Pay more to leave your lender

Some mortgage companies are doubling charges for customers who leave.
Click to follow

There is no doubt that it is expensive to buy a house and take out a mortgage. But the cost of paying off a mortgage is also on the rise. During the past few months, several mortgage lenders made substantial increases to the fees they charge when a homeowner pays off their loan, either at the end of the term or because they are remortgaging.

There is no doubt that it is expensive to buy a house and take out a mortgage. But the cost of paying off a mortgage is also on the rise. During the past few months, several mortgage lenders made substantial increases to the fees they charge when a homeowner pays off their loan, either at the end of the term or because they are remortgaging.

Exit fees - also known as deeds fees or sealing fees - are due when a homeowner closes a mortgage account with a lender. The fees are meant to cover the lender's administration costs connected with closing the account. But a growing number of mortgage brokers suspect that the fees are being used to claw back profits from borrowers who are moving to another lender.

NatWest recently increased its sealing fee from £100 to £225; Abbey has also increased its charge to £225. Nationwide, a building society that shied away from such fees, has introduced a charge of £90. Northern Rock charges £250, and Alliance & Leicester £295.

The financial research service Moneyfacts says that 53 lenders have increased exit charges during the past year. As many as 23 lenders have more than doubled the charges, Moneyfacts says.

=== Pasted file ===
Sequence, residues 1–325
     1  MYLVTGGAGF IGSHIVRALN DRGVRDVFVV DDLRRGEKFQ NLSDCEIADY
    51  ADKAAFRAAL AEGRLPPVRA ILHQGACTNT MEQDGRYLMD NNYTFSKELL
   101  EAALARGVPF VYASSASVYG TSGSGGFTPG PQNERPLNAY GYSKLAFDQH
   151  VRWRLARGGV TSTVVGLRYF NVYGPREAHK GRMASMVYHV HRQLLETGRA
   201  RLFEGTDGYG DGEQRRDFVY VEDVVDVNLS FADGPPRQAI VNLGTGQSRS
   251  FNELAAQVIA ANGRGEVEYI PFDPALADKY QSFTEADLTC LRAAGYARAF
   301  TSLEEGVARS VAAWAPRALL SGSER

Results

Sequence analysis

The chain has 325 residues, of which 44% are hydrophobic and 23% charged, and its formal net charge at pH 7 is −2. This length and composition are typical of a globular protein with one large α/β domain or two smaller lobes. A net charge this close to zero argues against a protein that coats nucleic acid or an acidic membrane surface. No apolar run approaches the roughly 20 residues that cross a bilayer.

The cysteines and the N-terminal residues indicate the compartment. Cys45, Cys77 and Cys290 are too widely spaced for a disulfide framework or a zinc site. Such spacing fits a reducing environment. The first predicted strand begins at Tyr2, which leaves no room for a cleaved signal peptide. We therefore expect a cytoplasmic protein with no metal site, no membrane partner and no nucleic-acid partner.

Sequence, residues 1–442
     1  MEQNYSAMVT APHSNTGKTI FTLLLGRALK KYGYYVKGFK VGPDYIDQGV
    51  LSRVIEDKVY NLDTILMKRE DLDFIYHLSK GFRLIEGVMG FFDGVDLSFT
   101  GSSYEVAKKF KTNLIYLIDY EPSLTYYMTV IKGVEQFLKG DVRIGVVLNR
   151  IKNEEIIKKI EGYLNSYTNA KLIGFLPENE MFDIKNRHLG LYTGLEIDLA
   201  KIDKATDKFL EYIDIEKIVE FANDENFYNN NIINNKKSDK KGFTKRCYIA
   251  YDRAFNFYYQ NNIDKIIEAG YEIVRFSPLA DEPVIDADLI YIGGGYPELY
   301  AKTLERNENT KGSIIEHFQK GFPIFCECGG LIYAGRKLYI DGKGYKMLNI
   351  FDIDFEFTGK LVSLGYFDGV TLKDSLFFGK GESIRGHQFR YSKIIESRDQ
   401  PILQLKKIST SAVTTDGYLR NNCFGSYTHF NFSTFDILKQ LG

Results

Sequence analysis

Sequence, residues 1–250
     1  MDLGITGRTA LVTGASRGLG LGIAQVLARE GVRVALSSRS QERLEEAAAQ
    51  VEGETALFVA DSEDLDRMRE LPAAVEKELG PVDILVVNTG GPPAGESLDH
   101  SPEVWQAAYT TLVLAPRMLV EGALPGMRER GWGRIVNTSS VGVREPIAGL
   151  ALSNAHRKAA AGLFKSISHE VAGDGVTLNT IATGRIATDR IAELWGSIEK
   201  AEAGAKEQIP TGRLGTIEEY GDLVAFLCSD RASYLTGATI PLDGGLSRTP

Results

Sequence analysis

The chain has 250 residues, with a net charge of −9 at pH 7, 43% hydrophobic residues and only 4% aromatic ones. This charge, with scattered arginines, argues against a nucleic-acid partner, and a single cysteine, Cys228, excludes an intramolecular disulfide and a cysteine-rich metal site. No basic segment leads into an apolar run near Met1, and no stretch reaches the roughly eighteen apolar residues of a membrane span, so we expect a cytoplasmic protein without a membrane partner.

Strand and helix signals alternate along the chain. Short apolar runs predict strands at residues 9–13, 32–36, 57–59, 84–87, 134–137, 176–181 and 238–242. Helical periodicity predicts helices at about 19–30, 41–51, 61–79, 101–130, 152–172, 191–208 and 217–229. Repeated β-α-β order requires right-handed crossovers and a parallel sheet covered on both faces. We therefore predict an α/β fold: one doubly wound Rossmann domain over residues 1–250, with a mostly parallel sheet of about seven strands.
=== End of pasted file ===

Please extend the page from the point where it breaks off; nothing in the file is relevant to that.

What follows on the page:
Borrowers have no choice but to pay the higher fees. Home buyers taking out a new loan can shop around and compare charges, such as mortgage arrangement or booking fees, valuation costs and even early redemption charges for leaving a special deal - such as a fixed rate - ahead of time.

Once a buyer has signed up with a borrower, there is no way of avoiding the exit fee. In most cases, the charge is levied even if they pay off their mortgage in full after 25 years. The exception is where a lender calls the charge a redemption fee. In these cases, the fee should only be charged to buyers who pay off the loan early. "Lenders are getting wise to the fact that customers are leaving, and are throwing down as many obstacles as they can to make it unattractive for homeowners to shop around," says Ian Giles, a director at brokers Purely Mortgages.

Mr Giles says that although lenders argue that the charges are still quite small, they do have an effect. "Sometimes a client who is thinking about remortgaging looks at the fees and decides to leave it, even if the savings over a couple of years could be several thousand pounds," he says.

A homeowner who is already stretching their finances to pay a mortgage might not have the cash to pay the extra charges; unlike upfront valuation and legal fees, there is no help available from the new lender to cover exit charges.

Brokers are also worried about the level of exit fee rises. The small print of mortgage contracts states that exit fees are variable, but they are not linked by any fixed formula to the size of the loan and there is no upper limit on what lenders can charge.

Nor is there much consistency across the market. The larger mortgage lenders have, so far, appeared keenest to increase exit fees. Many of the smaller, mutual building societies still charge as little as £40 in deeds fees. It is unlikely that one lender's costs are five times higher than another's, suggesting either that lenders hope to recover the costs partially out of interest charges, or that the higher fees are, in fact, a form of penalty.

The Financial Services Authority (FSA), the industry regulator, is not able to govern fees charged by mortgage lenders. But it does require that lenders disclose the full cost of all fees and has a guiding principle that lenders must treat customers fairly. There is a further rule covering excessive charges.

In the next few months, the FSA is expected to issue further guidance to lenders covering increases in charges during the term of a contract. This might well prompt other lenders to follow the lead of Northern Rock. The lender does have one of the more expensive exit charges, at £250, but the bank guarantees that the fee will not rise during the lifetime of a mortgage.

Comments